To sort or not to sort, that is the question. Lots of people wonder whether it’s really worth their time and effort to separate, wash and store recyclable materials – especially if it takes more energy to recycle, or if the plastics sent for recycling end up in overseas landfill. The truth is, the issue is complex, and even experts can’t agree on the economic and environmental benefits of recycling.
There are four popular arguments, typically used by organizations and individuals to promote recycling: that it reduces landfill waste, that it saves public money, that it creates jobs and that it encourages consumers to reduce waste in the first place. Let’s consider each of these in turn.
Recycling reduces landfill waste
Images of putrefying waste in landfill sites, generating greenhouse gas emissions and polluting the environment, are one of the most compelling reasons for recycling. The 1999 European Landfill Directive set targets to reduce biodegradable waste, and in response the UK government increased tax on landfill disposal, introducing an escalating duty, which currently sits at £88.95 per tonne.
Then, in 2003, the Waste and Recycling Act established curbside collection of recyclable materials. Rising levels of recycling and incineration, as well as the escalating landfill tax, have certainly reduced the proportion of waste dumped on landfill sites in the UK.
But the National Audit Office revealed that some of the plastics that residents separate for recycling are being exported overseas, to places such as Malaysia and Vietnam, where there are insufficient checks to ensure this material is actually recycled. The industry is also facing investigation for fraud and corruption, over these matters. So it could be that millions of tonnes of UK recycling is simply ending up in landfill in other parts of the world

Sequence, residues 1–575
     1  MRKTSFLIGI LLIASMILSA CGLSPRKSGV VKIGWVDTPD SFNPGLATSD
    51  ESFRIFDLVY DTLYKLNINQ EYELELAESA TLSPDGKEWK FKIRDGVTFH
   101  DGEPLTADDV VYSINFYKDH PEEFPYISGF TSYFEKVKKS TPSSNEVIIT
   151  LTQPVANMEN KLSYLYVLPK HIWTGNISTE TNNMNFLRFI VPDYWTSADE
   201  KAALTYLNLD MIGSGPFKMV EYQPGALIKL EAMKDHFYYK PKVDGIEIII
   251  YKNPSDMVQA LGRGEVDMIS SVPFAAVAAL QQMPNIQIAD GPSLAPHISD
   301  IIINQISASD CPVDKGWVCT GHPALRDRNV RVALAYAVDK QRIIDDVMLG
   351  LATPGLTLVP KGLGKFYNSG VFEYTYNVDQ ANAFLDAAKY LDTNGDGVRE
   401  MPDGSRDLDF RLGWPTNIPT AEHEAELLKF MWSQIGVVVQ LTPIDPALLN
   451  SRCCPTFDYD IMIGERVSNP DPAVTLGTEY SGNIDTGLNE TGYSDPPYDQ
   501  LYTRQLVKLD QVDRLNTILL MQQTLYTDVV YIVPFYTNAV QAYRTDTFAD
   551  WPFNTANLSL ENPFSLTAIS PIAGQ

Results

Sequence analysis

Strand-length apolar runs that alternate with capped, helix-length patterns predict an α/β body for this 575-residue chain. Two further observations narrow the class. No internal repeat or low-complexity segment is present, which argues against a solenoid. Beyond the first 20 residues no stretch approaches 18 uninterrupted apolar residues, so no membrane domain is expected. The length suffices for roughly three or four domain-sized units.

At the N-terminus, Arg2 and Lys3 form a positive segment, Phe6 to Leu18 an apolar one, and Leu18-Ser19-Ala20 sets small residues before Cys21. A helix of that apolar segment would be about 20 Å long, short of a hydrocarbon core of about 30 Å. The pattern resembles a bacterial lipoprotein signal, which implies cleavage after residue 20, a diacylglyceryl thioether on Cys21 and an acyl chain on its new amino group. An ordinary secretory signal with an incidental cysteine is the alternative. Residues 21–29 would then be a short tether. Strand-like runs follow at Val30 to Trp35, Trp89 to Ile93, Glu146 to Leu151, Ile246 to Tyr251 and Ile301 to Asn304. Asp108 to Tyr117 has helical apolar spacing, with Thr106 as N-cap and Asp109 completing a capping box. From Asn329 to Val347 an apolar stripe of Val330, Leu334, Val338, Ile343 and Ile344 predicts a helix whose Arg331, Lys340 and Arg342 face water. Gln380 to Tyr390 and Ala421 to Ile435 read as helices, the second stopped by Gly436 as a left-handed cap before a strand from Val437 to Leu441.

Part of the problem is that there are limited facilities to recycle mixed plastics in the UK. It costs a lot of money to separate and recycle different types of plastic, using specialist machinery. But there is infrastructure for plastic bottle recycling in the UK, which is why many council schemes historically only collected this type of plastic.
Recycling saves public money
It costs a lot of money for local authorities to manage household waste. Disposal facilities owned by private companies, such as Veolia and SITA, charge local authorities gate fees per tonne of waste – around £107 per tonne for landfill and £86 per tonne for incineration. Local authorities in England produced 22.4m tonnes of waste in 2017, of which 45 per cent was recycled – so that’s a lot of money saved.
Variations in collection systems across England and in material streams (such as paper, glass, cans) make it difficult to predict the cost per tonne of recycling, but it does cost significantly less than disposal, because the material can be sold. Aluminum cans are one of the more profitable materials in your waste and are sold by local authorities or waste contractors to be melted down and made into new cans.
In the UK, campaigns such as Recycle for London’s Nice Save use a moral message to emphasize the savings that local authorities can make when people recycle. But this is partly because laws such as the landfill tax have made recycling the cheaper option. The prices of different recyclable materials can fluctuate, which can limit the savings made. But this depends on the contracts local authorities strike with private waste management companies, and who takes on the risk.